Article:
It’s not yet clear how the coronavirus pandemic will affect payment levels for online news. The initial surge in news use near the beginning of the crisis led to optimism that an increase in paid subscriptions would soon follow. But at the same time many people’s finances have been badly affected, meaning they may have to make tough decisions about what they can and cannot afford. All this comes at a time when the stakes for many publishers have never been higher, as print revenues have shrunk during lockdowns, and there’s more and more pressure to bring in money online.
Our data collection took place before many countries experienced a dramatic rise in reported coronavirus cases, so it cannot speak directly to these issues. But it does provide key information on the situation faced by publishers going into the crisis – much of which will still be relevant today, as past changes to attitudes and behaviour around paying for news have tended to be gradual rather than sudden.
This year we took a more detailed look at online news subscriptions. To do this, we used a separate online survey in three countries – Norway, the US, and the UK – that focused on paying for news. Most of data described here come from this survey. As always, survey data are not necessarily fully aligned with self-reported figures from the industry – each source has different strengths and weaknesses, with survey research best suited for getting at demographic and attitudinal patterns around certain behaviours.
In Norway, paying for online news is more widespread than in any other market in our survey, at around 45%. In the US, paying for online news is relatively common (20%), rising sharply after the election of Donald Trump. In the UK, paying for online news is yet to take off, with fewer than one in ten paying in the last year.
We used sample sizes of around 4,000 people in the US and the UK to ensure that the group that pays for online news was large enough to analyse separately (in Norway, as a higher proportion of people pay for online news, the paying group is large enough with a sample size of 2,000). The surveys used different questions to our main Digital News Report survey, but these questions tended to produce quite similar results. For example, figures for the proportion of people paying for online news were within the margin of error for both surveys.
Single Brand Access Still Dominates
Let’s first consider people who have access to news that you would normally have to pay for. It makes sense to start here because some people have access to paywalled news through free trials, via their job, and so on. We will come on to those who actually pay with their own money later.
There are different forms of access, but the three most common are subscriptions to online news from a single brand, subscriptions to a print/digital bundle from a single brand, and a subscription to multiple brands aggregated in one place. Of these, digital-only subscriptions to a single brand are the most common form of access in all three countries. Print-digital bundles have clearly proved successful in Norway, with 20% of online news users currently using them to access paid online news. Paid news aggregators are relatively popular in the US, mainly thanks to Apple News+, but at the moment these are far less common than subscriptions to single news brands.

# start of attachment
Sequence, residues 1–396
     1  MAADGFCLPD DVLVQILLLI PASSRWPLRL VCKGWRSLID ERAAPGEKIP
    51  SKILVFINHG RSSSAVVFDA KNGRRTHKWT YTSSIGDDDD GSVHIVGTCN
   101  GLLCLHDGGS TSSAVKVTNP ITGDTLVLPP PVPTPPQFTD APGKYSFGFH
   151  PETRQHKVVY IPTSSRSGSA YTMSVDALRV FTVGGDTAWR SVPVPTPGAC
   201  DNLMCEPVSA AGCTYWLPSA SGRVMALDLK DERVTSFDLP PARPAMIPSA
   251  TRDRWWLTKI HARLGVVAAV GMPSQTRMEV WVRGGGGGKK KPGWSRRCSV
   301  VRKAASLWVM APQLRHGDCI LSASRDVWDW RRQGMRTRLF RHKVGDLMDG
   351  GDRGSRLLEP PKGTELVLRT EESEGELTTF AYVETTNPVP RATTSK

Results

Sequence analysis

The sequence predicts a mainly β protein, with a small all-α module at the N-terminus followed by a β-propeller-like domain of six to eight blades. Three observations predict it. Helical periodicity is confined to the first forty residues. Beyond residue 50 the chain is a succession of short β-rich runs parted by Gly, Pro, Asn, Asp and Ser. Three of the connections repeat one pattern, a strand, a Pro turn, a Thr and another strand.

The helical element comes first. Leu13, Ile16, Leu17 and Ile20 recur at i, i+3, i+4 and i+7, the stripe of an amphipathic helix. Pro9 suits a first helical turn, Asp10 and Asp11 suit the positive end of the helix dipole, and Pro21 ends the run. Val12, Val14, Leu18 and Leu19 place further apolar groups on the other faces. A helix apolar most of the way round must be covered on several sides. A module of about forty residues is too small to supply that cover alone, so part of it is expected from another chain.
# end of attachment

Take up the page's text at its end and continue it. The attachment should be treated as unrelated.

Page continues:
A Winner-Takes-Most Market
As we saw in the Executive Summary, people mainly have access to one of a small group of prominent brands. In the US, over half of these people have access to either the New York Times or the Washington Post, and in the UK, it’s The Times or the Telegraph. Norway is different because many people have access to paid news from a range of different local and regional newspapers, with national titles like VG and Aftenposten also popular. As we described in last year’s report, most people only have access to paid news from one brand, creating winner-takes-most dynamics, but a significant minority in the US and Norway take out subscriptions to more than one title – often a local or specialist title in addition to a national one.
Most Access is Being Paid for
Up to this point we’ve referred to people who have ‘access to online news that you would normally have to pay for’. However, most of this group have access because they are paying for subscriptions with their own money – 75% in Norway and the UK, and 84% in the US. For under-45s the figure is lower. But among those 45 and over, the vast majority of those who have access are paying with their own money.
Motivations for Paying for News
The reasons for subscribing to an online publication are complex and partly affected by supply-side factors such as the amount of high-quality free news available. In the United States and especially Norway, many publishers have introduced paywalls, which means more people will be asked to pay – perhaps heightening a sense of scarcity and creating a feeling that news could be worth paying for. In the UK, by contrast, only a relatively small number of publications try to charge for news.